Bromide Worsened Alport Kidney Disease in Mice Study, Countering Previous Beliefs of Benefits

Bromide Worsened Alport Kidney Disease in Mice Study, Countering Previous Beliefs of Benefits

Bromide supplementation might be harmful to Alport syndrome patients if the findings of a study in mice translate into human settings. Researchers at Kumamoto University in Japan found that giving bromide to Alport mice worsened their disease.

The results countered an earlier study noting that bromide is a trace element required for normal kidney function, and suggested that it could have adverse effects when applied to Alport kidney disease.

The study, “Bromide supplementation exacerbated the renal dysfunction, injury and fibrosis in a mouse model of Alport syndrome,” was published in the journal Plos One.

The 2014 study had examined the role of bromide in fruit flies, and showed that the trace element was required for kidney basement membrane formation. Giving the flies bromide supplementation had restored the flaws in the basement membrane.

Back then, researchers suggested that bromide supplementation might improve kidney conditions. Because bromide-containing drugs already are available for the treatment of epilepsy, researchers thought they might be repurposed for treating kidney disease.

Because Alport syndrome (AS) is a disease in which the kidney basement membrane is disrupted, the Japanese research team thought that the approach might lessen kidney abnormalities seen with the disease.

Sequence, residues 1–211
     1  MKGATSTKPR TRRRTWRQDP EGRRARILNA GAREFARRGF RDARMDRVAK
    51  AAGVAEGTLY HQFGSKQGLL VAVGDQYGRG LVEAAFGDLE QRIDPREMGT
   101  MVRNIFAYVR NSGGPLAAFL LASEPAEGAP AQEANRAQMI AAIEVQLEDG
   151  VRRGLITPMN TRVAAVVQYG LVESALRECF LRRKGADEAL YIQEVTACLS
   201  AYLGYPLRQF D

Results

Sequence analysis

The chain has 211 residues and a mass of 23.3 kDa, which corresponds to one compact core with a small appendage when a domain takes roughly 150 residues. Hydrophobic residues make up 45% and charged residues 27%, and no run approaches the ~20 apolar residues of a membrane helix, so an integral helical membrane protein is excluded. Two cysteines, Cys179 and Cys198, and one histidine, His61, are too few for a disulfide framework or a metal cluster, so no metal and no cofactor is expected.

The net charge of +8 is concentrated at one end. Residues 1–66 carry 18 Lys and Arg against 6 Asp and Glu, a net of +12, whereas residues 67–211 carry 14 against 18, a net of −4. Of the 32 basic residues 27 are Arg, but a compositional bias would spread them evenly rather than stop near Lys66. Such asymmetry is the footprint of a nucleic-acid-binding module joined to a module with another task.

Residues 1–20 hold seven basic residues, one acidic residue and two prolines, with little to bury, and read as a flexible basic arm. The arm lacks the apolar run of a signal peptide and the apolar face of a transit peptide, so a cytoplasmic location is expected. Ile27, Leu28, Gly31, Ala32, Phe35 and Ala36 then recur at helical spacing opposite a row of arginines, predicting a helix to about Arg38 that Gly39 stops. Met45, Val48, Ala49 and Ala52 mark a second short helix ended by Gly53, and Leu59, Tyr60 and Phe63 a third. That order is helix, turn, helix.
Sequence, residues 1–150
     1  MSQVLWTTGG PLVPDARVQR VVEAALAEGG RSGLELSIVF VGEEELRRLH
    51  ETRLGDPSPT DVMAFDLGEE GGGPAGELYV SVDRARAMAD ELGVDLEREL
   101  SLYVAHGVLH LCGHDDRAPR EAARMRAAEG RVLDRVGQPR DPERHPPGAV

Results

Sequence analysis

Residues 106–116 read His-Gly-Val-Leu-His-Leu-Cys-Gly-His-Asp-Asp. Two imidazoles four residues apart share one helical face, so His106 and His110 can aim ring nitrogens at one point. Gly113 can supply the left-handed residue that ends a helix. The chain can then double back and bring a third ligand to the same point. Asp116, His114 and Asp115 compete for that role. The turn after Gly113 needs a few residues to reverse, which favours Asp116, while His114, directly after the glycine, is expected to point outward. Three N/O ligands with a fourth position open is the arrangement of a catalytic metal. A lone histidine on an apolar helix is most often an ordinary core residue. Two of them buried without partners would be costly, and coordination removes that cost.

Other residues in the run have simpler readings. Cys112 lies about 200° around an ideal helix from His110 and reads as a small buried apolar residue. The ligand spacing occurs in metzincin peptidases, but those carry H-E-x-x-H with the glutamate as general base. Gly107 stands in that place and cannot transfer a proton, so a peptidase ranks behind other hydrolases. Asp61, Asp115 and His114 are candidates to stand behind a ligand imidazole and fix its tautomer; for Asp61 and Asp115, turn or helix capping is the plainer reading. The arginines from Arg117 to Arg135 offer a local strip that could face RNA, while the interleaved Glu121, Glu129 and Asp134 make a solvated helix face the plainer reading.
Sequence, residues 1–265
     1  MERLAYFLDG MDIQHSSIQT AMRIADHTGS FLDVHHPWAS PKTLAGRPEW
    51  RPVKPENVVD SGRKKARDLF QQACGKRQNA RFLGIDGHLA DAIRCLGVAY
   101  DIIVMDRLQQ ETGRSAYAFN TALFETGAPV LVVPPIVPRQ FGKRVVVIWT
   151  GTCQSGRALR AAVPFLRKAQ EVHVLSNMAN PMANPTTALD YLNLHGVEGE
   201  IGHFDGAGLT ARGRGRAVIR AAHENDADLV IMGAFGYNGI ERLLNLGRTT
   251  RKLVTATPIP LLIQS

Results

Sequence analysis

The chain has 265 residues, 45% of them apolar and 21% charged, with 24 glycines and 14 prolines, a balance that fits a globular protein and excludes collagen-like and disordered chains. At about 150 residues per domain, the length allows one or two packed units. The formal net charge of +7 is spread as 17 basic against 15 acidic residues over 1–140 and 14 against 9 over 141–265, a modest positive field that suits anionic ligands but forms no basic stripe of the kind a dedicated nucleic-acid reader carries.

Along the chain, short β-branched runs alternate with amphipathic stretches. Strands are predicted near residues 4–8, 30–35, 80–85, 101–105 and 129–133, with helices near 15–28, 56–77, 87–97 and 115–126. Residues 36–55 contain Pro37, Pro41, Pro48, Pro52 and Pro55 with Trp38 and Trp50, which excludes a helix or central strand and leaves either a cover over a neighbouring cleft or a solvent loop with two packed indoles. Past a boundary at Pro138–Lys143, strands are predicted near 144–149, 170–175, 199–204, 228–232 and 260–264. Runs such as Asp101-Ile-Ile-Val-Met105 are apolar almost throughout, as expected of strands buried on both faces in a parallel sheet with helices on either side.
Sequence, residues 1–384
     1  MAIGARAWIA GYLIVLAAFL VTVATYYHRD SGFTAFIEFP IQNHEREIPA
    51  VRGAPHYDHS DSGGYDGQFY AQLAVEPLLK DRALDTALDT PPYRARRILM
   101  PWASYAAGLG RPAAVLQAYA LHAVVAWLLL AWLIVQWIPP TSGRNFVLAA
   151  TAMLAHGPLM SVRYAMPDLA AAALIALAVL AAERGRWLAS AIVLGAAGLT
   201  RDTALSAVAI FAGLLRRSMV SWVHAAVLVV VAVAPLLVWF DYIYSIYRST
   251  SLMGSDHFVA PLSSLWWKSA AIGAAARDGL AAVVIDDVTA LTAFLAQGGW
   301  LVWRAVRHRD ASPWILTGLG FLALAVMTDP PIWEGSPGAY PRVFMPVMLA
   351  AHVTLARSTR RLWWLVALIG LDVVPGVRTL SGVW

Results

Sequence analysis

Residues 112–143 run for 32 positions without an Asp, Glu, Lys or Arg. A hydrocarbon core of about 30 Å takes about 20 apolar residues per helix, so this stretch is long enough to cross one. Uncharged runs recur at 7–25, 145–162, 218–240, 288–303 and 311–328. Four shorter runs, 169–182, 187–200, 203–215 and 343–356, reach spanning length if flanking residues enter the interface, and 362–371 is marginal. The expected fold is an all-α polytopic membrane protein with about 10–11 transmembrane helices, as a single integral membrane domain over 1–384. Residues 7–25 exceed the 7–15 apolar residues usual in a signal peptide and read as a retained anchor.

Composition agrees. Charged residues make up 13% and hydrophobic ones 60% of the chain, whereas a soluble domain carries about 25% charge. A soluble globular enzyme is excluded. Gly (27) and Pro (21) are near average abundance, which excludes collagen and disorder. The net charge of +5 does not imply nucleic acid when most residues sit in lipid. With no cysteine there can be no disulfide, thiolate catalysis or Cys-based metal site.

Using a mouse model of X-linked Alport syndrome, researchers delivered 75 mg/kg or 250 mg/kg of sodium bromide to the mice daily for 16 weeks. Control animals were given sodium chloride, or common salt.

Researchers noted no impact from the lower dose of the treatment. But animals given the higher dose developed more severe disease than Alport mice given a salt solution. These mice had worse progression of protein leakage into the urine and higher serum creatinine levels, a sign of damaged renal function.

When examining their kidneys under the microscope, researchers noted that damage to the glomeruli — the kidney’s filtering units — was worse in the mice given the higher bromide dose. These animals had more glomeruli with severe damage and very few unaffected ones.

Further analyses showed that the bromide had also triggered inflammation, with higher numbers of infiltrating inflammatory cells and mediators. Fibrosis also became worse.

These effects were not seen in normal mice exposed to the same bromide supplementation regimen.

The team suggested that bromide might be accumulated in Alport kidneys.

“These findings suggest that Br [bromide] supplementation needs to be carefully evaluated for real positive health benefits and for the absence of adverse side effects especially in GBM [glomerular basement membrane] diseases such as AS,” the authors concluded.

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Magdalena holds an MSc in Pharmaceutical Bioscience and an interdisciplinary PhD merging the fields of psychiatry, immunology and neuropharmacology. Her previous research focused on metabolic and immunologic changes in psychotic disorders. She is now focusing on science writing, allowing her to culture her passion for medical science and human health.

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